A Look at Infrastructure and Waste Management in Varanasi

As someone going into the field of environmental engineering, it’s impossible to overlook the lack of infrastructure here in Varanasi, India. Nita, one of the founders of NIRMAN schools, where we are staying, generalized the issue as being a result of engineers not trained in designing and building for the uncertainties of India. An example was workers right outside the Southpoint school rebuilding the sidewalk for the ‘umpteenth time,’ still with an uneven slope, bound to fail again in the near future. If they were to take the extra time today to level out the land, the sidewalk would last much longer, as it should. Walking the streets of this city, it appears that many things are done in this patchwork manner. Perhaps Nita is exactly right, that when engineers are educated abroad, their coursework is assuming that they are starting with a cleaner foundation, but the reality here in India is that the city’s surroundings are chaotic and disorganized. Gutters that should carry drainage downstream hold still water, accumulating the dust and garbage from the street above until what lines the road is a swampy, foul smelling moat. Men urinate publicly, against the wall or into these gutters. There is a lack of baseline sanitation standards. Furthermore, trash is littered everywhere. The photo I’ve attached shows the bank of a river that has the potential of being a serene haven from the chaos of the bustling city streets, but instead parallels a landfill. Even I, having been here a week, have a plastic bag in my luggage that I collect trash in, for it is often hard to find garbage cans about. The dumpsters that I have seen are either already overflowing, or ignored and the trash rather scattered next to them as they remain empty. Therefore various wrappers and cans line the streets, gradually becoming covered in dust until they blend into the road itself. I keep thinking that if items were wrapped in compostable materials, these really would disintegrate over time and add to the natural organic matter, but they aren’t and so the plastic and metal will remain. Being Americans, we are unused to this level of litter and at first, it is quite shocking. The worst part that I’ve seen, is citizens piling up the plastic, taking a burning candle, and lighting the pile on fire. This inevitably releases harsh chemicals into the air that not only negatively affect the lungs of others walking the street but also contribute to the larger problem of polluting the air and emitting greenhouse gases. To these people, burning the trash puts it out of sight and out of mind, leaving their homes garbage free, but education must be provided to teach the horrible effects that doing this routinely can impose on both the environment and human health. Those gutters that I mentioned, drain directly into the Ganges river, as does wastewater from homes, including raw sewage. There are two wastewater treatment plants near the river, but these do not process nearly all of the waste and problems arise when monsoons cause the streets to flood and the plants to cease their treatment. I know that this problem in infrastructure stems from something deeper than just a lack of personal respect for the environment. Political corruption leading to shortage in funds for projects, and a 30% illiteracy rate both contribute. Still, management of all of this waste should be prioritized in cities like Varanasi that are vibrant in the arts and culture, so that they are no longer dulled and de-romanticized by the ill sight of piles of garbage, crumbling streets, and improper facilities for processing waste.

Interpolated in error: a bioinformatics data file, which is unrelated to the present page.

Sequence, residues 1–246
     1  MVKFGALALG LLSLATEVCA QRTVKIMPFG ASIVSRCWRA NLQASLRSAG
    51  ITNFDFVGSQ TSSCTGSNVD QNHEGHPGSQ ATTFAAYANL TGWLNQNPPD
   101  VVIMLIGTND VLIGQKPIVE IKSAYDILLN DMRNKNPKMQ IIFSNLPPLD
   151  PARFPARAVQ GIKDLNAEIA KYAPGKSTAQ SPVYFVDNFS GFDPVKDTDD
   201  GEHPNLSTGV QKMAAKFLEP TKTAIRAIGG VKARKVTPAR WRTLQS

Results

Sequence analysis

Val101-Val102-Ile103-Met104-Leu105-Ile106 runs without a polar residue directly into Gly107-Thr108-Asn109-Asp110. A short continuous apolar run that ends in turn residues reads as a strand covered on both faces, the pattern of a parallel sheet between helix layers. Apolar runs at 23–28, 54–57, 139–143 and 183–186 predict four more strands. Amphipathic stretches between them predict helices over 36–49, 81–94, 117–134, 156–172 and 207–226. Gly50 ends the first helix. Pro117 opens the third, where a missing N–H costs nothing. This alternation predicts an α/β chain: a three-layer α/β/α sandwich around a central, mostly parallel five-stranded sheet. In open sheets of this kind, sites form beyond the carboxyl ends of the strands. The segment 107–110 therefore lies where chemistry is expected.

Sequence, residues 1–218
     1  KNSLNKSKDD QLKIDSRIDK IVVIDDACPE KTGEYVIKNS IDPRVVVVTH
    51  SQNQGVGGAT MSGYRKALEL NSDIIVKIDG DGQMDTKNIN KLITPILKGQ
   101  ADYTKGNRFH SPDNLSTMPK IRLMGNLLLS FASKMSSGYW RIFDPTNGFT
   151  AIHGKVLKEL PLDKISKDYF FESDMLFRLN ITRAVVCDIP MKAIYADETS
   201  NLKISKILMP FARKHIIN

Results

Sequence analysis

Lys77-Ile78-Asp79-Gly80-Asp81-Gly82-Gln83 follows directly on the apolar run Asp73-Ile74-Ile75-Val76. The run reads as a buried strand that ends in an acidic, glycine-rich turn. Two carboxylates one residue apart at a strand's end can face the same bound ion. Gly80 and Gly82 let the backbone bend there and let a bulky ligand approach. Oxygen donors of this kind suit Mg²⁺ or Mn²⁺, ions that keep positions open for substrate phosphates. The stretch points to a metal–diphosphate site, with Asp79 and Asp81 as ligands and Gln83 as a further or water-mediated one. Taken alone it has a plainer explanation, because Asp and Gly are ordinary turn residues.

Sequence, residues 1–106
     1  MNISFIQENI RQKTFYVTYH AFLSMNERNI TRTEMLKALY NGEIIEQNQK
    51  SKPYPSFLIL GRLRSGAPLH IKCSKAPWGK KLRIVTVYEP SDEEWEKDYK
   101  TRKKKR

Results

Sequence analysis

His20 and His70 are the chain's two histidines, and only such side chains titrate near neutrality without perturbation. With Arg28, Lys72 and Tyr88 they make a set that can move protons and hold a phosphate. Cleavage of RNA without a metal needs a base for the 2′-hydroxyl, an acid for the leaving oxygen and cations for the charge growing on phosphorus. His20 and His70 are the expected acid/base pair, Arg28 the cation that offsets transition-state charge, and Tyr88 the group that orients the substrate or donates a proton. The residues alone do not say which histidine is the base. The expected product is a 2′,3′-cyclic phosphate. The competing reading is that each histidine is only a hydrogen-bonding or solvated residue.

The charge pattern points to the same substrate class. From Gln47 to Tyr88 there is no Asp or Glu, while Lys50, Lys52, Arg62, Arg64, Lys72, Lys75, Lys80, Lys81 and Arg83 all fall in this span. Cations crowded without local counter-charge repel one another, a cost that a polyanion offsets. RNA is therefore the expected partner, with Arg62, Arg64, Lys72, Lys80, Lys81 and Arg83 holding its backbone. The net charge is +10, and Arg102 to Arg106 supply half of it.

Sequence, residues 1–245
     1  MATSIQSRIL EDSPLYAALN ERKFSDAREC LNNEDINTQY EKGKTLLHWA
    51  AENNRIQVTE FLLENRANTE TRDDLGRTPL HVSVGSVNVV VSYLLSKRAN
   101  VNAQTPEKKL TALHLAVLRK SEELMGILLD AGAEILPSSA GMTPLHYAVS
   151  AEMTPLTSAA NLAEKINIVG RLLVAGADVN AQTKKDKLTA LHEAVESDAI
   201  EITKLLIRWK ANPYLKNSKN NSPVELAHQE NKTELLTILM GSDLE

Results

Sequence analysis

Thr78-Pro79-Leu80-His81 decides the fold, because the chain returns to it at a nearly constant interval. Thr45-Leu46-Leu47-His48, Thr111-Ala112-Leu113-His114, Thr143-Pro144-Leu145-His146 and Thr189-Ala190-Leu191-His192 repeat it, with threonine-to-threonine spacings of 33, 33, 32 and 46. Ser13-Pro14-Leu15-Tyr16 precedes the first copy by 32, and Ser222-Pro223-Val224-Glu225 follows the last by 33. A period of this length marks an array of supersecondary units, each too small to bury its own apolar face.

Written by Victoria Mount

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